The Blessed Barba (Beet)

Seriously, all this food for under $7.00!  Hooray for souk!

Seriously, all this food for under $7.00?! Hooray for souk!

Thomas and I were talking the other day about beets, man.  That’s right, beets.  Or barba, if you want to use Darija (but not to be confused with the amazing 1970s children’s book character, Barbapapa). Anyway, we were going on and on about how much we enjoy eating beets in Morocco (yes, we have time for these types of conversations now). But seriously, there are a number of valid reasons this unassuming veggie has become such a staple of our diet: they are quite healthy, they are easy to prepare, they taste lovely cold (and we are eating mostly cold things now that the weather is getting hot), they are very versatile (add them to smoothies! Put them in salads!  Eat them in sandwiches!), and (perhaps most importantly) they really are the most gorgeous color a food could be.  Like jewels, I tell you!  They are also incredibly affordable here—about 40 cents per kilo.  Amazing!

Since moving into our own place, our beet consumption has become somewhat prolific.  I boil a batch of beets at least three times a week, season or marinate them in some sort of vinaigrette, and then we eat them with both lunch and dinner.  And yes, our pee is pink to prove it.  “But one cannot live on beets alone!” you may be thinking.  Yes, that’s true, which is why we also eat lots of other vegetables.  But there are almost always some beets to accompany them.

Today’s souk trip was quite a success–we found a gorgeous watermelon in addition to the standard veggies we buy each week.  All told, we bought 15 kilos of fruits and vegetables, and the total cost was under $7.00 US dollars.  Here’s the breakdown of today’s shopping trip:

OK, it's the same stuff, but from this angle you can see the beets, cucumbers, and peppers better.

OK, it’s the same stuff, but from this angle you can see the beets, cucumbers, and peppers better.  Do you see the beets?  They’re right there in the middle, patiently waiting to become a salad.  God bless ’em.

1 kilo oranges: 40 cents

3 kilo watermelon: $1.20

3 kilo honeydew melon: $1.60

2 kilos beets: 80 cents

1 kilo spring onions: 40 cents

1 kilo red onion: 40 cents

1 kilo zucchini: 40 cents

1 kilo carrots: 40 cents

1 kilo peppers: 40 cents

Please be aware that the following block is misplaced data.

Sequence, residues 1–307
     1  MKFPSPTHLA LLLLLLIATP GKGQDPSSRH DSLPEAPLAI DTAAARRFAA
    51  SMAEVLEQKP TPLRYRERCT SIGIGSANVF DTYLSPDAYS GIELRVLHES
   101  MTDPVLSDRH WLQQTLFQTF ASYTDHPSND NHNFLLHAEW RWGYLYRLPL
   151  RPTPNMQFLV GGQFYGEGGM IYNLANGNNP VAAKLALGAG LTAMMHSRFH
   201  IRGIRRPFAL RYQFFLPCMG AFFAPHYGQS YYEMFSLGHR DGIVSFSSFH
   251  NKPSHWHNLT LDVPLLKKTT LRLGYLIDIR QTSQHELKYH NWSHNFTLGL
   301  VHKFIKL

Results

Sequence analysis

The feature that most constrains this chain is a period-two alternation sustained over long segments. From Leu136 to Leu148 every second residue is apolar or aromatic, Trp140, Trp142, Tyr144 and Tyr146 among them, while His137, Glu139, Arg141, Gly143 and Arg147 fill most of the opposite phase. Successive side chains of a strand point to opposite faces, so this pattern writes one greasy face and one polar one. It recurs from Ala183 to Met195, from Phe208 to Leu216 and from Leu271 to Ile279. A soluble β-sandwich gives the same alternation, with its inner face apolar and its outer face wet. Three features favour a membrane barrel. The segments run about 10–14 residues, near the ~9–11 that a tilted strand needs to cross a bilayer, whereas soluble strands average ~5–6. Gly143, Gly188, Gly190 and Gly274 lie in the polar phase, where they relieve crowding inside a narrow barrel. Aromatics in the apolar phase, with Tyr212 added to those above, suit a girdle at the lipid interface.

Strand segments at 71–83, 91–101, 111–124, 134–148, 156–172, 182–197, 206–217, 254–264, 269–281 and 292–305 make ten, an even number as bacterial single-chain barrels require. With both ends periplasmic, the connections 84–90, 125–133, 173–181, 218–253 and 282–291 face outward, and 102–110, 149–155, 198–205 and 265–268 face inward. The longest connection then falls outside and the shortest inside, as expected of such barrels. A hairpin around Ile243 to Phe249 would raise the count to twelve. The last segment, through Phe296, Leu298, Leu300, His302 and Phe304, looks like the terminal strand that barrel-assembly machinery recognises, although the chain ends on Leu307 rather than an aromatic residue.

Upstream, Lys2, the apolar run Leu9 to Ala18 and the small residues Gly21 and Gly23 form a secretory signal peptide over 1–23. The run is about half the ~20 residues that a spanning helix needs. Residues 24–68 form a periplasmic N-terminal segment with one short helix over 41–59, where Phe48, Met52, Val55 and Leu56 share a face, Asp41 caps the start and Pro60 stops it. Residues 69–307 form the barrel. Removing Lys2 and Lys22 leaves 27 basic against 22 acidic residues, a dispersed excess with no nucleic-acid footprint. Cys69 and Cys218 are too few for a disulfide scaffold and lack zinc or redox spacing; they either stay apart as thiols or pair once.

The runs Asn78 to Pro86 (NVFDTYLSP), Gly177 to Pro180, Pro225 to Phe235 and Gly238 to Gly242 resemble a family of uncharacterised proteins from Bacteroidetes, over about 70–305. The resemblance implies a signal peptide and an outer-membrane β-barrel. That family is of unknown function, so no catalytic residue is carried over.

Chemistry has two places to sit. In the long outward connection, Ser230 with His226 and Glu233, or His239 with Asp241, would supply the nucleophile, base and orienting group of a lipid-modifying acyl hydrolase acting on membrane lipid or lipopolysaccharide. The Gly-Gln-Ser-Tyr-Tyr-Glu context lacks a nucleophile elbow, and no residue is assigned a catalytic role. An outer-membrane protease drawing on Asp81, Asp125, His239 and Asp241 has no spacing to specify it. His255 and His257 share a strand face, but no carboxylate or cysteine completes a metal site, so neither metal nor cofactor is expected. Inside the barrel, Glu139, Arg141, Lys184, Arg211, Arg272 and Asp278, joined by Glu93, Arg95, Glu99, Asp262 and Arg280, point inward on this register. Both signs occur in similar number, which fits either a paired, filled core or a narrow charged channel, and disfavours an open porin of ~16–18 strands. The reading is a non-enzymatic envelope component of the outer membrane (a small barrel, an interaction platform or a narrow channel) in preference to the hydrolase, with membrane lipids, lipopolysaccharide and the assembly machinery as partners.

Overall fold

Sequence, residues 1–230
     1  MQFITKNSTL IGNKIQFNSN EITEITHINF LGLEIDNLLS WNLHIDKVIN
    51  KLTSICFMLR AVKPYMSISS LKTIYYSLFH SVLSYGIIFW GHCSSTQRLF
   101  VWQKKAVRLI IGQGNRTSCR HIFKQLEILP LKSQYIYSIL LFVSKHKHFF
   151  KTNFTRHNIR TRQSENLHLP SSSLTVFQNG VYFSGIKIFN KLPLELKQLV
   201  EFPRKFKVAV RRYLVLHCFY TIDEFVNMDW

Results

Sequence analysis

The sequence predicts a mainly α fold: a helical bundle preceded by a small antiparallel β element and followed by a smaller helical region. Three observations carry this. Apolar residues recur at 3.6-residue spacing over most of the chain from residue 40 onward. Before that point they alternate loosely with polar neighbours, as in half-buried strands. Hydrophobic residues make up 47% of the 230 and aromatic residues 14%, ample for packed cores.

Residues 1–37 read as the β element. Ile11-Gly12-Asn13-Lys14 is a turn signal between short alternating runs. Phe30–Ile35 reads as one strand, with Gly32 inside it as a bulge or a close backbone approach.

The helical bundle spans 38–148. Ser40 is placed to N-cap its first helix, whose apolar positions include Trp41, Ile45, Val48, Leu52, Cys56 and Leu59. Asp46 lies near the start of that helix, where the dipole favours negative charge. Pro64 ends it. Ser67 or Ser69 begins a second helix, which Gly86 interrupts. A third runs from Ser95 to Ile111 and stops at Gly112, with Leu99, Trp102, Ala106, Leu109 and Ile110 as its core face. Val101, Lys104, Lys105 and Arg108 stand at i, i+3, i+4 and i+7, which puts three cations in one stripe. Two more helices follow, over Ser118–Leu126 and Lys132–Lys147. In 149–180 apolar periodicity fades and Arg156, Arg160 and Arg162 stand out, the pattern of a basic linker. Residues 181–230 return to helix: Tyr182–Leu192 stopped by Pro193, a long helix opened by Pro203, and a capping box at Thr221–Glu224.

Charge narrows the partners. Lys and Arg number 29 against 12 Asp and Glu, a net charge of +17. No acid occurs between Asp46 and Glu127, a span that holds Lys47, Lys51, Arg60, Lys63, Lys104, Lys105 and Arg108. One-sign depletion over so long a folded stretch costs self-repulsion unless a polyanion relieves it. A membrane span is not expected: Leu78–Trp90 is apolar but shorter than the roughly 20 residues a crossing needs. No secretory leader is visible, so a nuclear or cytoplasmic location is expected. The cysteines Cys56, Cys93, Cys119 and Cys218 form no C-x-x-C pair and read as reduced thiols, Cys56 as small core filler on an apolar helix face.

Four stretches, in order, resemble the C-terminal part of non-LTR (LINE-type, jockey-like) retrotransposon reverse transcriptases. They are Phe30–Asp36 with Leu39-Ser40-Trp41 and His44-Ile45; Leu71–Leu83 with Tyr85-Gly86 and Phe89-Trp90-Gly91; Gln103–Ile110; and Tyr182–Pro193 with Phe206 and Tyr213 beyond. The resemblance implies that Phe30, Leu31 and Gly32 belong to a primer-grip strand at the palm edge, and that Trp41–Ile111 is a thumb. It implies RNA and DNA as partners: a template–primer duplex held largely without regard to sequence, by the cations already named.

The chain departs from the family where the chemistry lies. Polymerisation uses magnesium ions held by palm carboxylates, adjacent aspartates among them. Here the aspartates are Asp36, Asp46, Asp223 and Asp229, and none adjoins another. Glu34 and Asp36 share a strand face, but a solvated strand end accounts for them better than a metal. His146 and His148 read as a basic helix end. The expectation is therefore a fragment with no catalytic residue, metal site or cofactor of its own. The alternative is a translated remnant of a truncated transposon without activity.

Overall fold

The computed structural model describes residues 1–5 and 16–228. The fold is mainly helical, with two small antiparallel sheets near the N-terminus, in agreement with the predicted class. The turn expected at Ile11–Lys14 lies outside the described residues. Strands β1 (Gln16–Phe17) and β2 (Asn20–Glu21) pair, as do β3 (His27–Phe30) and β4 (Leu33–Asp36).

1 kilo cucumbers: 40 cents

Bunch of fresh mint: 10 cents

Lubia: While Bean and Tomato Stew.

Lubia: While Bean and Tomato Stew.  I should note that this pairs beautifully with a beet salad.  Just a suggestion.

Bunch of fresh shiba (a spice for tea): 15 cents

Tonight for dinner I am making lubia, a really lovely white bean and tomato stew, which I plan to serve at room temperature.  We will enjoy this main dish with some cucumber salad and some sparkling water.  Oh yeah, and some beets.  I can hardly wait!

To the beet!

Erika

 

 

  3 comments for “The Blessed Barba (Beet)

  1. Marsha
    May 3, 2015 at 8:53 pm

    Like jewels, I tell you! Erika you have a way with words, I tell you! This post makes me think of our haggadah that says some vegetarians like to use a beet on the seder plate instead of a shankbone. “Tonight we eat beets to honour the dark part of all cycles of life. Blessed is the root that grows in the darkness, connects us to the earth and nourishes us.” and then the instruction: Eat beets.

  2. May 4, 2015 at 2:16 am

    Yum…

  3. May 5, 2015 at 8:34 pm

    Yes for beets! I actually did one of my classes with seniors with all beet recipes. The included a wonderful beet jam – something they make regularly in Eastern Europe.
    Of course it means cooking for a bit, then then you would have it.

    Let me know if you want any of those… They changed people’s opinions about them

    The other vegetables look wonderful. So glad you can eat as you choose, when you choose – cozy on your bed.

    Love,
    Rebecca

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